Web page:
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24th November 2017
:: Adviser | Productivity | When directors are personally liable for contracts

When directors are personally liable for contracts
 
Here’s a sobering thought for directors of firms that are sailing financially close to the wind. They say honesty pays – or rather, dishonesty doesn’t pay - and on reading this, they’re undoubtedly right!
 
Written by a solicitor who offers practical legal advice to businesses, especially companies and individuals working in the financial services industry.
 
 
 
When directors are personally liable for contracts
by Guy Thompson
 
Directors must be very sure companies for which they are directors will be able to pay for goods or services before they sign contracts on behalf of the company. Otherwise they may be personally liable.
 
Last month, in the case of Contex Drouzhba Ltd v Wiseman and Anor, the Court of Appeal confirmed that a director who signs a contract implying the company will be able to pay for what it orders under the contract was personally liable for deceit, as he knew that this was false. The representation was in writing, and it had been signed by the director as "the party to be charged". In this case, by signing the agreement the Managing Director had impliedly represented that his company would be able to meet its obligations to pay for the goods it ordered. The representation was made fraudulently by this director, who knew the company could not pay and had no chance of being able to obtain new funds. On that basis the director was liable in damages for deceit. The Court decided the representation was "made in writing, signed by the party to be charged", which is a requirement of an ancient Act of Parliament (the Statute of Frauds Amendment Act 1828). The representation must be in writing for this rule to apply. A representation by conduct alone is not sufficient.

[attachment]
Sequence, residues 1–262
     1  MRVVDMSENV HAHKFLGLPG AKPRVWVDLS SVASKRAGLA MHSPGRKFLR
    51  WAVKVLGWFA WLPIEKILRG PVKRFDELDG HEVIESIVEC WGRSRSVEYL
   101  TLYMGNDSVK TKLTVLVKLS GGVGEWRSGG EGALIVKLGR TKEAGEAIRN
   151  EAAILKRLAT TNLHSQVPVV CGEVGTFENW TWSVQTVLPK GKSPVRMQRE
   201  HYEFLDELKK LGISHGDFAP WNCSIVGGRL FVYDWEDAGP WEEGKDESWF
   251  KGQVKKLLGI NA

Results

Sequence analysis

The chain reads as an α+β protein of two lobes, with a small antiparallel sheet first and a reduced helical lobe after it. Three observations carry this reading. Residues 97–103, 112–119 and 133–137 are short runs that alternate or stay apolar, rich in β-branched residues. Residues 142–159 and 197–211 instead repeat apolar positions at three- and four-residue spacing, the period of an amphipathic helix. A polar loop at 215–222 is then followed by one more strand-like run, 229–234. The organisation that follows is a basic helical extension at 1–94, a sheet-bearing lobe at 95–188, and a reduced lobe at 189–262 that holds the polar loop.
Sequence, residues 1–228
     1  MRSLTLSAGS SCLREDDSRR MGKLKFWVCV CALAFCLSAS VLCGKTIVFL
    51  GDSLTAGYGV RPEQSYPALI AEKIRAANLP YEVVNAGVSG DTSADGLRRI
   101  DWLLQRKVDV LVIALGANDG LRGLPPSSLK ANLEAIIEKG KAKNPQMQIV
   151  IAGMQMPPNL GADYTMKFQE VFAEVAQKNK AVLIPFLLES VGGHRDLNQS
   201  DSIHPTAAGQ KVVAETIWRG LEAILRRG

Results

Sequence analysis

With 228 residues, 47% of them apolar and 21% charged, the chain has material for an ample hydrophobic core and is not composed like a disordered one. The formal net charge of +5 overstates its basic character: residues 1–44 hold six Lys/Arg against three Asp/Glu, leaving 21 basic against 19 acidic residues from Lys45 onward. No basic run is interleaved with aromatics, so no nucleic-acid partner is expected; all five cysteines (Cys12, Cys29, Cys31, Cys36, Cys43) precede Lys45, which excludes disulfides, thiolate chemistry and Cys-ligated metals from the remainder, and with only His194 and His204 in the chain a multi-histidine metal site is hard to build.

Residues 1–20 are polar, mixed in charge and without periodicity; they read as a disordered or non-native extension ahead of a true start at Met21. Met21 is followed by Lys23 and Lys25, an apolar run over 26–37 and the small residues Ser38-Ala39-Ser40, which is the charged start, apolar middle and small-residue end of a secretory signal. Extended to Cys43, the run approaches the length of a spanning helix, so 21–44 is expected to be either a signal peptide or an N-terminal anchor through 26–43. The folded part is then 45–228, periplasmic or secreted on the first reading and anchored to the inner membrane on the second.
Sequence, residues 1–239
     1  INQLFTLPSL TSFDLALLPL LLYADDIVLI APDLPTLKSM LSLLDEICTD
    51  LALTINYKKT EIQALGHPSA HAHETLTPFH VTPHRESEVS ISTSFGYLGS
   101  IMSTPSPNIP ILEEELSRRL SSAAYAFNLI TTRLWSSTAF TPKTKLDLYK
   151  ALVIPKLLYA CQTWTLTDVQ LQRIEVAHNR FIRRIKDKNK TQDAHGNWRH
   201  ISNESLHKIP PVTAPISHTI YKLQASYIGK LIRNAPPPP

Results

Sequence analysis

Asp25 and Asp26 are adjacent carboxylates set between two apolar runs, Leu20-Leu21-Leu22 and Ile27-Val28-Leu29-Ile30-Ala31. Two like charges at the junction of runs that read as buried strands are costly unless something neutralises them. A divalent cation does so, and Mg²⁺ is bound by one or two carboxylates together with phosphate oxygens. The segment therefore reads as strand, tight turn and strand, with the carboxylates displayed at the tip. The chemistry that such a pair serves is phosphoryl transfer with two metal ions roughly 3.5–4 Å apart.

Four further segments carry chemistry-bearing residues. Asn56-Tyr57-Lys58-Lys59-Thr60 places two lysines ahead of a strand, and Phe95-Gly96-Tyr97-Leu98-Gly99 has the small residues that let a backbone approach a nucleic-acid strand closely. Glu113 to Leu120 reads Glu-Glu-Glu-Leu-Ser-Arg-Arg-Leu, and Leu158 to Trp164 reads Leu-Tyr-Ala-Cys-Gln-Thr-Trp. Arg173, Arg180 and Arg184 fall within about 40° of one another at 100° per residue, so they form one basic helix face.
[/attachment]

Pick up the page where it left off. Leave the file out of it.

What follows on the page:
Directors cannot avoid responsibility by saying they were only signing on behalf of a company. No one can escape liability for fraud by saying "I wish to make it clear that I am committing this fraud on behalf of someone else and I am not to be personally liable."
 
Not every contract signed by a director contains implied representations by the director. But a director signing for a company may be making an implied representation about the ability of the company to pay.
 
For creditors of companies that have failed, this might open up a new line of attack, or at least negotiation with directors. If you have a contract signed by a director saying the company will pay you, you may well have a claim against the director personally, and not only as one of a number of claimants who will be fighting over the remains of the insolvent company.
 
 
 
 
Adapted from an original Blog from Ecademy.com, written by Guy Thompson in December 2007
 
Guy Thompson is principal of Guy Thompson & Co solicitors
 
 
 
 
 

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